Cindy Tutsch talks leadership and ministry

Cindy Tutsch.

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Cindy Tutsch has served the Church as a Bible teacher, pastor, conference youth director and associate director of the Ellen G White Estate. Now retired, she lives with her husband in Washington in the north-western United States. She spoke about her books and what leadership means in an Adventist context.

In retirement, what is the most important work you are still doing?

Definitely my most important mission is to spend time with our young grandchildren! I also just completed an online course about Ellen White for pastors and teachers in the North American Division through the Adventist Learning Community. Additionally, I serve the General Conference Ministerial Department as the blog editor for, and preach occasionally for conferences, camp-meetings and at my local church.

Why is it important to talk about leadership in the ways you have in your writing?

Every Adventist should recognise their leadership potential, because Christian leadership is simply influencing others for Christ in every aspect of life. Learning to carry out our leadership with excellence and wisdom is a lifelong responsibility. Some are called to be leaders in an administrative capacity, some as managers, some as teachers, pastors, parents or civic officers. Whatever the specific leadership role, there is much to be learned regarding the integration of spirituality and integrity with the calling.

How do you assess leadership in the Adventist Church today?

There are incredibly gifted and able leaders within the Adventist system today, Christ-centred leaders who are intentional about delegation, mentoring and inclusiveness. However, there is the perennial temptation for leaders to reflect secular and nationalistic trends toward hierarchy, consolidation of power and elitism. We are a long way from the unity Christ longed for His people to demonstrate. [pullquote]

What does Ellen White add uniquely to our understanding of leadership?

Ellen White’s recurring theme of the great controversy between Christ and Satan is probably least like the ideas of current leadership literature. The great controversy theme is the structural basis from which all of her spiritual and practical leadership counsel emerges. This framework of the battle between Christ and Satan, and the consequent need for humanity to choose one or the other as life’s leader, is Ellen White’s unique contribution to leadership theories.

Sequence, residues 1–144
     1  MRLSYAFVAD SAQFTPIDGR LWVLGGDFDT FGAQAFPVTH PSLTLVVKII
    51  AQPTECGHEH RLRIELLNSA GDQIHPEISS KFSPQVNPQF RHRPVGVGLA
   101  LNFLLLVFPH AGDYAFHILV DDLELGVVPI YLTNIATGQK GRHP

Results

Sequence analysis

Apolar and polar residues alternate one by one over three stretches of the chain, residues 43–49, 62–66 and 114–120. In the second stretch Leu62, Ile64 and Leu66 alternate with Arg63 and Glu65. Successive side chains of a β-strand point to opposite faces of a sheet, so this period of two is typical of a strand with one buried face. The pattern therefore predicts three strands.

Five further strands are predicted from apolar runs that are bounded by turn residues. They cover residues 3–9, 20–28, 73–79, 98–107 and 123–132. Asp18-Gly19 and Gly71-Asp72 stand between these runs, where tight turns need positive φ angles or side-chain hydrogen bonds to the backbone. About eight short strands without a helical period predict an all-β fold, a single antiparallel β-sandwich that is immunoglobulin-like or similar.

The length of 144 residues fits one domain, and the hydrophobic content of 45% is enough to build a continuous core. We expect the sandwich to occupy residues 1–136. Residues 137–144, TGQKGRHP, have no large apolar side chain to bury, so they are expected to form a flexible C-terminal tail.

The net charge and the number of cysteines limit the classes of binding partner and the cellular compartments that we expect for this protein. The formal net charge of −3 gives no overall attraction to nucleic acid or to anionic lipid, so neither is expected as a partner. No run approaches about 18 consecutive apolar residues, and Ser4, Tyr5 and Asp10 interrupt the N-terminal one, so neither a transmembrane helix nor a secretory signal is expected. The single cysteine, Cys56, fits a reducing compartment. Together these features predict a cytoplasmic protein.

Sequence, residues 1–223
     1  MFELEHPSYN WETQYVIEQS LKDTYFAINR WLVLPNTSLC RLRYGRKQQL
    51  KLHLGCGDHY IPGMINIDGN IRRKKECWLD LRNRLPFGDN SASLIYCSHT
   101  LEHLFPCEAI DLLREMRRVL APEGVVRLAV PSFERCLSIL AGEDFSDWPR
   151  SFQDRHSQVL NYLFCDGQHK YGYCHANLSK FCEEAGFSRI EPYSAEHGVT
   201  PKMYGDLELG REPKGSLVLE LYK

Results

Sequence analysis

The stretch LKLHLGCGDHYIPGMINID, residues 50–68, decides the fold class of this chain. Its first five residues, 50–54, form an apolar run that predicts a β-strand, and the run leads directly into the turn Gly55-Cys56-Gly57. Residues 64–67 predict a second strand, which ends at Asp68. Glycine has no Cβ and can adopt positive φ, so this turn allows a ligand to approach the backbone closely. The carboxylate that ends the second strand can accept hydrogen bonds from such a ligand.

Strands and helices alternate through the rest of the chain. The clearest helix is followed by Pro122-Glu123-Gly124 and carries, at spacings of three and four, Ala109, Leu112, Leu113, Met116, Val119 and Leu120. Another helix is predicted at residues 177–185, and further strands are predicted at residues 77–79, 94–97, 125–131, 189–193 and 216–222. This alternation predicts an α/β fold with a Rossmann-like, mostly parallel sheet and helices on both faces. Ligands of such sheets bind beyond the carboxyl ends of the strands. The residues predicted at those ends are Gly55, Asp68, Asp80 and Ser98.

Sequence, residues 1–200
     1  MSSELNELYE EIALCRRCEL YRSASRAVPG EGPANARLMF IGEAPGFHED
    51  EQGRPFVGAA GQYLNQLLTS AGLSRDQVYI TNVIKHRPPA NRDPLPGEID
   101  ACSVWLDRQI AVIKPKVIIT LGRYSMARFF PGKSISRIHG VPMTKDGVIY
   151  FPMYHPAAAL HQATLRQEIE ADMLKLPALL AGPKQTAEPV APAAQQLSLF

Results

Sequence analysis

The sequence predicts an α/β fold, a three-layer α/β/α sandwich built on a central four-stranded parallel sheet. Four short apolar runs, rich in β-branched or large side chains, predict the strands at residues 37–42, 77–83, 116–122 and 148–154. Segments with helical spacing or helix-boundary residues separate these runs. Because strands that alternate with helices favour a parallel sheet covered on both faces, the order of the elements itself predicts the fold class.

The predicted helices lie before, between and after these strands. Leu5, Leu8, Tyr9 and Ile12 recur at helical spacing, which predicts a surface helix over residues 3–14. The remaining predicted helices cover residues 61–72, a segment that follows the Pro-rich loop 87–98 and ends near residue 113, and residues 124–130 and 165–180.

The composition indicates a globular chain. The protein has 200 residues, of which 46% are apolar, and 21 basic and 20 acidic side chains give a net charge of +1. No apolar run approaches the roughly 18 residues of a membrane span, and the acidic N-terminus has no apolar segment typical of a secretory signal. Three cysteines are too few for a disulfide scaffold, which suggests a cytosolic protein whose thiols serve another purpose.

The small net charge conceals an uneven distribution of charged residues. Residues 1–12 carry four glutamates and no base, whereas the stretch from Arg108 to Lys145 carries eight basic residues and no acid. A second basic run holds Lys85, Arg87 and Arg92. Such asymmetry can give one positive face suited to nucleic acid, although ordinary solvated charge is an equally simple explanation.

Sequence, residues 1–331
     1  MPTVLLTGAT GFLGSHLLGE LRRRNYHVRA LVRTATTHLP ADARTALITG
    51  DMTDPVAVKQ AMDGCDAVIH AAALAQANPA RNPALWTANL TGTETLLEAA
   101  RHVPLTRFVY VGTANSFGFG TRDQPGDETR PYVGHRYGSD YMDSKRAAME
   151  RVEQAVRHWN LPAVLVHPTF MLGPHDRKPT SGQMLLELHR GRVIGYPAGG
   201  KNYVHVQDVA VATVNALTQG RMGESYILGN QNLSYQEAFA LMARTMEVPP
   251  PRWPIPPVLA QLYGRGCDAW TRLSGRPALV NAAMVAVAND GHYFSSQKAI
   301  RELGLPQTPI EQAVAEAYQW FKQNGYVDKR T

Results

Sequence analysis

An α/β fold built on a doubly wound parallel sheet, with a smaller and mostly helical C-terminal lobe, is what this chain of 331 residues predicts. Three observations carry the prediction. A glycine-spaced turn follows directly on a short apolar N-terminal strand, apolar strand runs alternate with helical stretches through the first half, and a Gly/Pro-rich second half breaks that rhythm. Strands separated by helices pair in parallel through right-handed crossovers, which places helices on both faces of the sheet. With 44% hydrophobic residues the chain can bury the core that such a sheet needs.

Why are women important for leadership in the church?

We could stereotype by gender and suggest women bring compassion, nurture and sensitivity to the leadership table. While that may be true of some women, those qualities are also found in some men. Rather than looking for gender differences as a “reason” for women in leadership, I prefer to focus on the importance of “calling”. If the Holy Spirit gifts an individual for a specific leadership role, the rest of us should not stand in the way.

How do we balance recognising and affirming the special calling of leadership with our belief in the “priesthood of all believers”?

According to Martin Luther, there was no hierarchy where the priesthood was a calling and milking the cow was not! Everyone is a priest if they are carrying out the task to which God called them, connecting their convictions to daily activities. Not all are called to be pastors or teachers or conference presidents, but some are. And that calling is of the Spirit, without man-made restriction.

What can church members best do to help and support their church leaders?

Using the “every Christian is a leader” motif, each of us can treat others with respect, charity, and a recognition that God does not discriminate on the basis of gender, race, age or economic status. As we allow the Holy Spirit to anoint whom He will for the task to which He calls, that same Spirit will bring us together as a unified movement, praying with and for each other, and so much the more “as we see the Day approaching!”

Ellen White on Leadership and Questions and Answers About Women’s Ordination are available from Adventist bookstores in Australia and New Zealand.

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